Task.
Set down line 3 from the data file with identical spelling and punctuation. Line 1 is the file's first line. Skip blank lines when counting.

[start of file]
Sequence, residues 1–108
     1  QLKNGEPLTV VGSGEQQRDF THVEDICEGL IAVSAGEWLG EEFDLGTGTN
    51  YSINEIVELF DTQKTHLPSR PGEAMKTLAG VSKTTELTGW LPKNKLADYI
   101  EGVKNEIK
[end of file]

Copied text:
    51  YSINEIVELF DTQKTHLPSR PGEAMKTLAG VSKTTELTGW LPKNKLADYI